Fundamental Questions About Job Creation

House Oversight and Government Reform Committee Chairman Darrell Issa is planning to study the impact of government regulation on job creation in his first hearing.  In a memo outlining his agenda for the first months of the new Congress, Issa said “we need to start by asking a very fundamental question: why hasn’t the economy created the private-sector jobs the president promised?”

That’s an excellent question.  One part of the answer would be the rising cost of labor, including the anticipation of dramatically higher costs due to ObamaCare.  Raising the cost of labor naturally and inevitably increases unemployment, as predicted by the laws of supply and demand.  When a resource is made more expensive, less is purchased.

Suppose the government passed a law mandating a minimum wage of $50,000 per year.  Such a law would not even slightly alter the number of employees who are actually worth fifty grand per year.  Instead, it would create pressure on business to hire fewer people whose true value is less than that.  Since most business expansions involve hiring a lot of entry-level people, one way to reduce demand for overpriced labor is to cancel expansion plans.  There is very little point in opening a pizza restaurant if all the cooks and waiters must be paid fifty thousand dollar salaries.

A given employee tends to earn a higher salary by remaining with a company for a long period of time.  This makes management more eager to retain experienced people when the cost of labor is increased.  Both of these principles are consistent with the current employment picture, in which fewer new unemployment claims have been filed recently, but new jobs are not being created.  In fact, data from the Bureau of Labor Statistics suggest a relatively small pool of recently terminated employees land most of the new jobs, while the long-term unemployed rot on the sidelines.  Workers whose value most clearly approaches the inflated cost of labor, thanks to long and tasty resumes, are most likely to get hired.

The maze of regulations from a massive State automatically produces uncertainty and retards job growth.  The politicians and bureaucrats who write those laws typically have very limited private-sector experience.  Their decisions are shaped by influential special interests and big-money contributors.  Unless you happen to be one of those contributors, you have no reason to expect the regulatory winds to fill your sails, instead of capsizing your boat.  On the contrary, you can expect the State to act against business interests with increasing frequency as it grows in size, because it becomes more concerned with its own growth… which causes the private sector to shrink with increasing speed.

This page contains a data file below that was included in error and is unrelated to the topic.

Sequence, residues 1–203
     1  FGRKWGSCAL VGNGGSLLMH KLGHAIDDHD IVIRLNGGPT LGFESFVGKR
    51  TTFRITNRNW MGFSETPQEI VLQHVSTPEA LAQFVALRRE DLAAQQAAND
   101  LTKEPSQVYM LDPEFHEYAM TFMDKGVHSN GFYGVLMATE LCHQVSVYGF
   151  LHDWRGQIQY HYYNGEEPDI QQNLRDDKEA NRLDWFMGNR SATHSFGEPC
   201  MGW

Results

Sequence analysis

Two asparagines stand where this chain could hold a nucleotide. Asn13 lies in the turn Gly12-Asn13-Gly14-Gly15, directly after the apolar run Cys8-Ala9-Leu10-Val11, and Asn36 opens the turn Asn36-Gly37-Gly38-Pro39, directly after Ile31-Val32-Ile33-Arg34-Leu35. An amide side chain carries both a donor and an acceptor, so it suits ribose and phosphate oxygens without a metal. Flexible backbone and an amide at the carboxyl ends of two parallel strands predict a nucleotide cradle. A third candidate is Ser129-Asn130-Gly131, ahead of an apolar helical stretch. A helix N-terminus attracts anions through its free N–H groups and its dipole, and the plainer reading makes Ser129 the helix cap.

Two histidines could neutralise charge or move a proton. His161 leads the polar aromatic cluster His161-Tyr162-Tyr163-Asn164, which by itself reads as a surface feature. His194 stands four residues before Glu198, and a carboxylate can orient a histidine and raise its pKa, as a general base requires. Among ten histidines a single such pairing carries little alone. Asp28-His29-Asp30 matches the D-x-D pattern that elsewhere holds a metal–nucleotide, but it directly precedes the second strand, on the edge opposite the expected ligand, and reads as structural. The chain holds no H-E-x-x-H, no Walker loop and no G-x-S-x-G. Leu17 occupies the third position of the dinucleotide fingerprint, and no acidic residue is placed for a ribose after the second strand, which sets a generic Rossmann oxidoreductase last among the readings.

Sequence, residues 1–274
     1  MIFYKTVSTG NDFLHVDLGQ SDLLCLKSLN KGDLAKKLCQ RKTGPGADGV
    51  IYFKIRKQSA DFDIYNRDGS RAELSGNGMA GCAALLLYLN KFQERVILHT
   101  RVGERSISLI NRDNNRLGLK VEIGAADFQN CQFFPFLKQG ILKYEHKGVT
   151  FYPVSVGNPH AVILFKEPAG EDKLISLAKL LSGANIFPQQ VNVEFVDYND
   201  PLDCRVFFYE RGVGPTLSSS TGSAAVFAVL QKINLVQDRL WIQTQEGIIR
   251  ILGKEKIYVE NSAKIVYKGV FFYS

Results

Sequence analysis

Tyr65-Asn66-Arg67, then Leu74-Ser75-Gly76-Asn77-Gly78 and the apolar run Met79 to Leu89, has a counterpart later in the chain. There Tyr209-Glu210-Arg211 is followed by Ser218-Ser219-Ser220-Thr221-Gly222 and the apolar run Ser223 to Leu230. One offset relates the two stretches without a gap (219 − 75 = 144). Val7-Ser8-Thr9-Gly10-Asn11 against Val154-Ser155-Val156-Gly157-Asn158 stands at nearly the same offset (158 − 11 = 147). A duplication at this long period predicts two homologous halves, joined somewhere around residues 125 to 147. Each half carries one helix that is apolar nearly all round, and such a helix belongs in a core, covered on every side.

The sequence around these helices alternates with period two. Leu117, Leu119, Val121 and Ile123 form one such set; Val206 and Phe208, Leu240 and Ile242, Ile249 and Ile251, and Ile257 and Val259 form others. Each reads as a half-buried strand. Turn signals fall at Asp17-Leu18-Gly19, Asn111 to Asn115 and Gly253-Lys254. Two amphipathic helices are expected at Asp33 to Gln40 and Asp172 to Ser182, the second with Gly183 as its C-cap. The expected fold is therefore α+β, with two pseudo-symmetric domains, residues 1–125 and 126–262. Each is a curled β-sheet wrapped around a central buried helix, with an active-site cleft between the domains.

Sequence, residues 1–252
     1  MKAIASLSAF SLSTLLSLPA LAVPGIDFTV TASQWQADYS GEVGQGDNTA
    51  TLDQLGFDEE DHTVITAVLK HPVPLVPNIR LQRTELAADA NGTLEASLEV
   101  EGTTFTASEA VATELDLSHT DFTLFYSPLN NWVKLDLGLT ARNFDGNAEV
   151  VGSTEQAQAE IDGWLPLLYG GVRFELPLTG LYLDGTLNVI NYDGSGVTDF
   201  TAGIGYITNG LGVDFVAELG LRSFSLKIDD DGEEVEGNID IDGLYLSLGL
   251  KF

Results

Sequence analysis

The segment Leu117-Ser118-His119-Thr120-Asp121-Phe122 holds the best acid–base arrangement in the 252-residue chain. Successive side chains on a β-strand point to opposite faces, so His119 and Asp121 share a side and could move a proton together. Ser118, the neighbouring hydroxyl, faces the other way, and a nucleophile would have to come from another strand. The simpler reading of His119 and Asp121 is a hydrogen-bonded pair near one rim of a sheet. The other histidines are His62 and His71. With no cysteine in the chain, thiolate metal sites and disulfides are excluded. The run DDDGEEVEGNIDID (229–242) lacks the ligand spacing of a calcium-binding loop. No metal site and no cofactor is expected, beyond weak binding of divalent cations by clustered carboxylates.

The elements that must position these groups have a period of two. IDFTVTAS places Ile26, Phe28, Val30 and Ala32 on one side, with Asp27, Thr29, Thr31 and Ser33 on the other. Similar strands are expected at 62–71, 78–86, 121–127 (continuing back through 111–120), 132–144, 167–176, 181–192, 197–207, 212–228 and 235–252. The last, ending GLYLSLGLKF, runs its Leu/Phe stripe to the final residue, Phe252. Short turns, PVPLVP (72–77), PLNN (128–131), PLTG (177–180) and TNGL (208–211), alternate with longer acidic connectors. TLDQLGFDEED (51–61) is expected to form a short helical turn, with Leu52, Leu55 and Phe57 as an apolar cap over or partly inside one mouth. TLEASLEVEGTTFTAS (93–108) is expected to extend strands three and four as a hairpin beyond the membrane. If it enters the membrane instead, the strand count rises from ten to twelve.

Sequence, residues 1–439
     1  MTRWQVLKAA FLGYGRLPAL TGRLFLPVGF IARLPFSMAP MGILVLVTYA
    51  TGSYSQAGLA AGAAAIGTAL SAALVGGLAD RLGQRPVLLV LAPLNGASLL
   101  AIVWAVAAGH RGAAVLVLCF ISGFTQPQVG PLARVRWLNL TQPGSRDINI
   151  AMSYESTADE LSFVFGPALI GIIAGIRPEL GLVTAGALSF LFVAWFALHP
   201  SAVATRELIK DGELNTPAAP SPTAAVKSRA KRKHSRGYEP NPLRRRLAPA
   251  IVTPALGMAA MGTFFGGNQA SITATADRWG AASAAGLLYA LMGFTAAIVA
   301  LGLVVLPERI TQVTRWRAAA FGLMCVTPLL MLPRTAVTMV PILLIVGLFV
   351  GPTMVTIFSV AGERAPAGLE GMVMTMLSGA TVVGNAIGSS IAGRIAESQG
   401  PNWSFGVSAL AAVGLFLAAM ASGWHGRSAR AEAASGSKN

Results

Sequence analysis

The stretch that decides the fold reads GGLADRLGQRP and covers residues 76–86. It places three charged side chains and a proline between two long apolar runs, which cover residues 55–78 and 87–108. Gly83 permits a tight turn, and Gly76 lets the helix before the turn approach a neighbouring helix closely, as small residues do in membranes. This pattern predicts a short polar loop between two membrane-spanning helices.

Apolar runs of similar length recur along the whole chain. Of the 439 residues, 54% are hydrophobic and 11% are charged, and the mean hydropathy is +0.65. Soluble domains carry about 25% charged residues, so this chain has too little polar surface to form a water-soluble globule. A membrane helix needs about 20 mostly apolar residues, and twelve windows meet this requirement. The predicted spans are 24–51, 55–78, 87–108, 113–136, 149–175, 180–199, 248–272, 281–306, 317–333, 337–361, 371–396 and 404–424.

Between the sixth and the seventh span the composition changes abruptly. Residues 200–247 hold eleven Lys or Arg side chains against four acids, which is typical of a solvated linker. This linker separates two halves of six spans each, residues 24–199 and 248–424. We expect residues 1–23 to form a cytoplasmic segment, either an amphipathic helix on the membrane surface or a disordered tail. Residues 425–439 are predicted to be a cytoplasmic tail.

Big Government also becomes more invested in class warfare, which is essential to maintaining political support in the face of its own inevitable failure.  Class warfare is poisonous to business expansion.  Like it or not, investment capital only comes from one source: rich people who want to risk their money in the pursuit of reward.  Why should they take those risks when they might well be stripped of the profits, and cursed as “greedy” if they resist? 

How deep has the unemployment hole been dug?  We would need to create something like 400,000 jobs per month to return to pre-Obama employment levels before he leaves office in 2012.  That’s essentially impossible, and even repairing the damage by the end of his successor’s first term would require over 200,000 new jobs per month.  Nothing short of a fantastic economic boom could produce that kind of job growth.  Such a boom cannot be engineered while simultaneously pleasing the Left and union interests with job-killing regulations.

What do we need for massive job creation?  The principles are simple enough: give the people with capital and knowledge a reason to create and expand businesses, while making labor available at a reasonable price, and they’ll hire people.  They want to hire people.  “Safe” investments don’t produce the same rate of return as entrepreneurial risk.  Nothing is more pernicious than the liberal caricature of The Evil Rich hoarding gold and gems in underground vaults, or blowing every penny on ridiculous luxuries.  Someone who behaves that way is a fool squandering an inheritance, not a successful capitalist.

To put it bluntly, almost every regulation has a cost in jobs.  By definition, regulations restrict the actions available to businesses, and they don’t need to hire people for things they can’t do.  This is not an argument against having any regulations… but we should understand their cost in jobs before we construct a massive, intrusive State, and then wonder why it presides over high unemployment rates.